But no. Without “da ebil libruls” to oppose, they’ve got nothing in common. So now they have to “purify” their ranks and start taking out their own — and they seem to be true to form, taking on women, immigrant Hoyt.

        @Matt Y: No less a personage than actual Rabid Puppy editor Pournelle has always said “Money will get you through times of no Hugos better than Hugos will get you through times of no money.”

        Liked by 1 person

      • Matt Y

        @camestros – Yeah the neoreactionary movement is odd. Only existing as an opposing force means not having a true identity aside from just against someone else.

        I found the discussion in your link to cause severe eye rolling without a warning, such as Lamplighter ‘but I don’t think that it was because Sad Puppies campaigned for the Dragons. I think it was because it provided the wonderful, wonderful service that we have needed for some time…an alternate to the Locus Recommended Reading List.

        I think such a list is greatly needed…all awards aside. Superversive SF has been wanting to organize such a yearly list since 2014. It’s one of our goals. We just haven’t been to the point where we could do it before now.’

        Putting together a f’n list is something so difficult that it’s taken three years for it to still be a goal? Maybe get advice from a Cracked article writer because lists seem to be their thing and easy to do. I guess a list would be positively promoting works and is not as easy as saying others aren’t doing the work. I’m not even against such a list, I like recommendation lists! But the idea that the Sad Puppies campaigned just to provide an alternative list to the Locus Recommended Reading List, a goal never mentioned by them, requires a suspension of disbelief that makes me doubt I’d enjoy her fiction. Also Locus provides a list of upcoming all upcoming SFF.

        @Lurkertype – I like that quote, shame his wagon is hitched to a clown car with no brakes.

        Liked by 1 person

      • greghullender

        The trouble with making lists like Locus does is that they would actually have to do a lot of reading. As we have seen, though, their movement is entirely about the politics of the authors–it has nothing to do with the content of the works, and so actually reading anything is 100% against their principles.

        Liked by 2 people

      • Lurkertype

        @Matt Y: But now that Pournelle’s gone full Puppy, they ought to be worshiping his Holy Writ, right? He’s always described himself as politically “to the right of Attila the Hun”, always written milSF, and has all the sales and all the awards. I dunno, his past willingness to be cordial to liberals might count against him — or it might just be that the Pups haven’t read enough published before 2000 to know how important he was to the field.

        I’d like to point out that everyone who nominates for the Hugos, or the Locus list, manages to come up with a list every single year. It’s not that hard! It shouldn’t take 3 years to “hope” you could get a list together. Even if you just mention the few books you read and your fellow travelers wrote, there’s a list. Boom.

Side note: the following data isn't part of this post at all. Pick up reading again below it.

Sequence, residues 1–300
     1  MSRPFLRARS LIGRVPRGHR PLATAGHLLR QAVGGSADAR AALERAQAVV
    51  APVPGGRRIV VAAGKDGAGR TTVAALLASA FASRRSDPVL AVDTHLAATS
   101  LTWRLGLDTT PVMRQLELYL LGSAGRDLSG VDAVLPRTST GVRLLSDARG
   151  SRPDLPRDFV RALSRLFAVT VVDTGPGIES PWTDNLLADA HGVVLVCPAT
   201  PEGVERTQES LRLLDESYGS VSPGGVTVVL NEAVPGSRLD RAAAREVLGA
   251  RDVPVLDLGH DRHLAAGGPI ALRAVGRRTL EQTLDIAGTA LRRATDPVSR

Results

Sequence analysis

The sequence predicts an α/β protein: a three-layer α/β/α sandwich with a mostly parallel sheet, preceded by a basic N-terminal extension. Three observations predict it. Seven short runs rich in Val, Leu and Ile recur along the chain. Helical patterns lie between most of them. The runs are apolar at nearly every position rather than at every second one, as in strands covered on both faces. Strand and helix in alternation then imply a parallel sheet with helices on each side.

I got my Worldcon membership too late this year to nominate (so I didn’t have a list ready), but I probably could have come up with full slots in Novel, Short Story, BDP Long, and Series, and one or two in most of the other categories if I’d had a week’s notice.

        Buzzfeed cranks out hundreds of lists every day. I can’t even count how many they’d do in 3 years.

        Like

      • Aaron

        I’d like to point out that everyone who nominates for the Hugos, or the Locus list, manages to come up with a list every single year. It’s not that hard! It shouldn’t take 3 years to “hope” you could get a list together.

        The Pups seem to have a hard time doing things that other people are able to do without too much trouble. Any project the Pups take up seems to be constantly delayed by angst and breast-beating anguish.

        Liked by 1 person

      • Matt Y

        @Greg – If they make lists that aren’t reliant on the content but just the political affiliation of the author that should make putting together a list even easier! But you’re right I hadn’t considered the reading into the work of the list, but that’s the fun part.

        @Lurkertype – Heck even if a person doesn’t want to do a lot of work it doesn’t take much time to put together a list on Goodreads and just push out a link to it The BN Blog does one monthly I usually check out, and to be fair Castalia House did one as well for June using the same format as the BN Blog, which shows that even people who no qualms about working for a human bot fly can put in effort required.

        Liked by 1 person

      • Cora

        Ahem, I do a round-up of new indie SFF releases every month on my blog and the Speculative Fiction Showcase and have been doing this for two and a half years now. I have one for indie mysteries and thrillers as well. It’s a bit of work, but not too much, if you plan it properly.

        BTW, I noticed that Castalia House had a round-up of new and properly pulp revolutionary indie SF as well. Well, the more the merrier.

        Liked by 1 person

  6. Kat Goodwin

    Sarah Hoyt: “Yesterday I had a brain storm and I thought: Awards. (I also made a typo, the rest of you — infants — have been having WAY too much fun with.) Before you pelt me with rubber rolls – even two years ago, I’d have been the first to say “oh, not awards, they’re SOOOOOOO stuffy.” But the thing is in indie publishing, and in all publishing as it moves to Amazon and other electronic venues, being able to put on the cover a little seal that says “winner of the blah blah award” (we’re not calling it a blah blah award. No, you can’t talk me into it.) does give you a huge leg up. Most of the readers who are rediscovering SF (or anything else) because they can finally find stuff they want to read, see the Hugo and it doesn’t say to them “Award given by small group of people who attend Worldcon.” They see “Award” which means someone other than the author’s cat read this masterpiece and approved of – or at least finished—it. That means they’re twice as likely to buy it.”